Who I Am

I. Kaufman Arenberg MD

I have always had a sense of awe in his persona, his art, and his most unusual character and his art since I was a kid and loved the movie, LUST FOR LIFE with Kirk Douglas. When I studied art history in college, I had Vincent posters in my dorm room and read his letters where he described his “attacks” as “vertige” in French which can only mean inner ear vertigo, a primary characteristic of Meniere’s disease. Inner ear disorders and Meniere’s disease became my major area of interest and expertise as a neurotologist (an ear specialist), as one of my best friends’ mother had a violent vertigo attack in her kitchen while she was hand churning some ice cream for “the boys” in high school. We were all aghast. The dad said, “It’s ok boys, do not worry. She just had another Meniere’s attack.” That was my first experience with violent vertigo and Meniere’s disease, but I decided then after that traumatic event to become a doctor and figure out how to conquer that terrible disease.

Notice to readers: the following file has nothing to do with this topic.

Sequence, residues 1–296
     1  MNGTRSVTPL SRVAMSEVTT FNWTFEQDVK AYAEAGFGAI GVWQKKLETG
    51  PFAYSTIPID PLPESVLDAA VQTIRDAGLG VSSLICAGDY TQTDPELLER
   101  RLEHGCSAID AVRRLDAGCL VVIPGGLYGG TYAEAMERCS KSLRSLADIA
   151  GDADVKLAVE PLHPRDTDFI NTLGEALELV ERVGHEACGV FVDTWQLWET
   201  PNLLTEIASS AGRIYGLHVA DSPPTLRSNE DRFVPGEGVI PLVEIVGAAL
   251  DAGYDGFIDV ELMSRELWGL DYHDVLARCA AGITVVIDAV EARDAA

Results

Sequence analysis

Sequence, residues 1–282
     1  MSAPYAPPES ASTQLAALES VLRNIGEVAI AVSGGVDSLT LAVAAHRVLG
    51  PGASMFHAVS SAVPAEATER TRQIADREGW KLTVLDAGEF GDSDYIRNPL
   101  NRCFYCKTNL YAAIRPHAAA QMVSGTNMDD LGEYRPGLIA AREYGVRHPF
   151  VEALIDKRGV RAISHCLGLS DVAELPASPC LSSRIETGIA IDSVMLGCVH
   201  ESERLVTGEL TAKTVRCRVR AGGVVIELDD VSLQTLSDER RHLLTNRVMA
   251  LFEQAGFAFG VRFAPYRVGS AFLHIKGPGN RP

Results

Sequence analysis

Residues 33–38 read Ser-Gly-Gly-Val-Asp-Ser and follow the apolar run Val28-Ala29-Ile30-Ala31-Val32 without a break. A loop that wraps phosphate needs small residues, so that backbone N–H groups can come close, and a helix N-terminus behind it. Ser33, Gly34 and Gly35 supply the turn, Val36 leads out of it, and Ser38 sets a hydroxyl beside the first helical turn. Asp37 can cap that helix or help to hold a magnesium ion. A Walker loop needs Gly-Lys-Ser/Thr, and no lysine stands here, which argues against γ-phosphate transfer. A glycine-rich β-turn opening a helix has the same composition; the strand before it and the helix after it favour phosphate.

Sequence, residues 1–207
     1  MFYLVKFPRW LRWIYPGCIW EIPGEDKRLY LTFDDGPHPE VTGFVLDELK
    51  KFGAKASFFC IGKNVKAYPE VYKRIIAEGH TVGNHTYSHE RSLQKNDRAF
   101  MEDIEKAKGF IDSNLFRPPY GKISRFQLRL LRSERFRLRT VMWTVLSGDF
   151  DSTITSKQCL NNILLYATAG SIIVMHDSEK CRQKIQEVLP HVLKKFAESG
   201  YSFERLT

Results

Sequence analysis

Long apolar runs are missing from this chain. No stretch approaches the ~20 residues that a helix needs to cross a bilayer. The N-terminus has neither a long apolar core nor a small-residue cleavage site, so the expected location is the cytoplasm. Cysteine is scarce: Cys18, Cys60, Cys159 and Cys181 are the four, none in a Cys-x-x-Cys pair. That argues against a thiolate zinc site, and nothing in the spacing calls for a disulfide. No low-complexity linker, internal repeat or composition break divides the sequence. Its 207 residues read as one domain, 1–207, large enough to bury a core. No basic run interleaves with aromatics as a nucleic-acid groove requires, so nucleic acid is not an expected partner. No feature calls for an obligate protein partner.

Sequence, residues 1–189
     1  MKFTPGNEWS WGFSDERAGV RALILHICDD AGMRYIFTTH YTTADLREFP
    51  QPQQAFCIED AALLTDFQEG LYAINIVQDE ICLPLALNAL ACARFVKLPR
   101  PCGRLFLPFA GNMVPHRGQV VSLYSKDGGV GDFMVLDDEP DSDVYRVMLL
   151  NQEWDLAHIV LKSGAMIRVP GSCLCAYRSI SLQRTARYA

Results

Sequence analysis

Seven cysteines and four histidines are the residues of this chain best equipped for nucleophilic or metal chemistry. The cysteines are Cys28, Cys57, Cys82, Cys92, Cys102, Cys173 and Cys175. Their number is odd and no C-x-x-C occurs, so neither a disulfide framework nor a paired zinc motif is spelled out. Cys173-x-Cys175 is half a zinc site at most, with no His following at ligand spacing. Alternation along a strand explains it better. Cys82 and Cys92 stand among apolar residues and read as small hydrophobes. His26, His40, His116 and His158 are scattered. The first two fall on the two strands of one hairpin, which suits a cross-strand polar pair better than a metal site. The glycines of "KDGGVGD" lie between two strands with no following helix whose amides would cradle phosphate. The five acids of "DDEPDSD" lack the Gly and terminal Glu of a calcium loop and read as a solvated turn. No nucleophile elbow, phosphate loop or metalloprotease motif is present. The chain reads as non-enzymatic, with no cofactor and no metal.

I had learned early on about vertigo and Meniere’s disease. So, when I was reading van Gogh’s letters as an art history student in college, I realized when he wrote that his attacks were “vertige,” that his attacks were not epilepsy but classical Meniere’s disease. That, along with an artist surgical patient of mine for inner ear surgery years later, who when I told her “preop” not to worry as an artist, she had an excellent chance that the surgery would eliminate her vertigo, unlike Vincent who also had Meniere’s disease but there were no treatments for him in the 1880s! Her surgery was successful. She was a co-author on our JAMA article.